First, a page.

Does everyone ask how your baby sleeps? Does everyone else's baby seem to sleep more than yours? Has someone told you your baby 'should' be sleeping differently to how they are? If so, you are not alone.
Read the information, advice and tips below about safe sleep including safe sleep when your baby is unwell.
You can also visit the Baby Sleep Information Source website for more information from sleep experts.
Remember… babies don’t sleep like adults, they sleep like babies.
Babies were designed to wake up often at night to feed and cuddle, and remember many adults wake during the night, too. They grow quickly in the early weeks and months of their lives and have very small stomachs. Therefore they need to feed around the clock to meet their needs.
Becoming a parent is a very special time. Getting to know your new baby and learning how to care for her needs can be one of the most rewarding experiences of your life. However, it can also be challenging, especially when you are tired and your baby is wakeful and wanting to feed frequently during the night.
Talk to your health visitor about caring for your baby at night.
Read a blog by breastfeeding counsellor Emma Pickett who discusses the dangers of promoting a strict feeding schedule at the expense of responsive, flexible infant feeding.
Babies sleep is more or less evenly distributed between day and night, and occurs in 2-3 hour bouts. It often takes several months for a day /night pattern of wake and sleep to become established.
It is important to remember that babies operate according to their own internal biological rhythms and they are unaware of what their parents are being told. Watch this video.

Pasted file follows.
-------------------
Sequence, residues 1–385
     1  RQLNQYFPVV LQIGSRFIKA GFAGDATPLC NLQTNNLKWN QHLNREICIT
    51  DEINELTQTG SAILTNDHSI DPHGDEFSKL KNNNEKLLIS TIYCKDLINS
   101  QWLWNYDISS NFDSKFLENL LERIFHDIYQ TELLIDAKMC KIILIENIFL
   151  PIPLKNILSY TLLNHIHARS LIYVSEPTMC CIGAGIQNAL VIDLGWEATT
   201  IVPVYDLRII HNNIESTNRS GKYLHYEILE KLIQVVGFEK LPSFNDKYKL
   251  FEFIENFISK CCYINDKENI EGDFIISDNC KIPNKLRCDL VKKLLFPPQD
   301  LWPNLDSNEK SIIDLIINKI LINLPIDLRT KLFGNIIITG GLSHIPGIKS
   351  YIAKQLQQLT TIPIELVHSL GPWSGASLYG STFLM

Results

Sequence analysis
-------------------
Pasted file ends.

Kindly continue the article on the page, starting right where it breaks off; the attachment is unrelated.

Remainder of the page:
Throughout human history, babies have slept close to their mothers, during the day and during the night.
Wherever your baby sleeps you need to ensure they are safe.
What families need to know
- Best sleeping position for your baby
- Placing your baby on their back to sleep is one key pieces of advice to lower the chance of SIDS (Sudden Infant Death Syndrome)
- Sharing a room with your baby
- Sleep products/positioners/pods.
Visit the Lullaby Trust's website to read more.
- Never sleep on a sofa or in an armchair with your baby. A special message for dads from #Liftthebaby
- Never co-sleep with your baby if you or you partner smoke. Visit the Health Surrey website for Stop smoking advice.
If you would like to read more about sleep and your baby visit Baby Sleep Information Source website.
Some parents choose to bed share with their babies.
If you choose to bed share, or if you think you may fall asleep when you are
feeding your baby in bed, follow these tips:
- Make sure your baby can’t fall out of bed or get trapped between the
- mattress and the wall
- Keep pillows and adult bedding away from your baby
- Make sure your baby doesn’t overheat, the room should be 16-20 degrees celcuis
- Do not have other children sharing the bed
- Don’t leave your baby alone in the bed as they may wiggle into a dangerous position
For advice about co-sleeping visit the Lullaby Trust's website and watch this video.
Never bed share with your baby if:
- You or anyone in the bed has recently drunk alcohol
- You or anyone in the bed smokes
- You or anyone in the bed has taken drugs that make you feel sleepy
- Your baby was born very small (under 2.5kgs or 5½ lbs) or was born prematurely (before 37 weeks)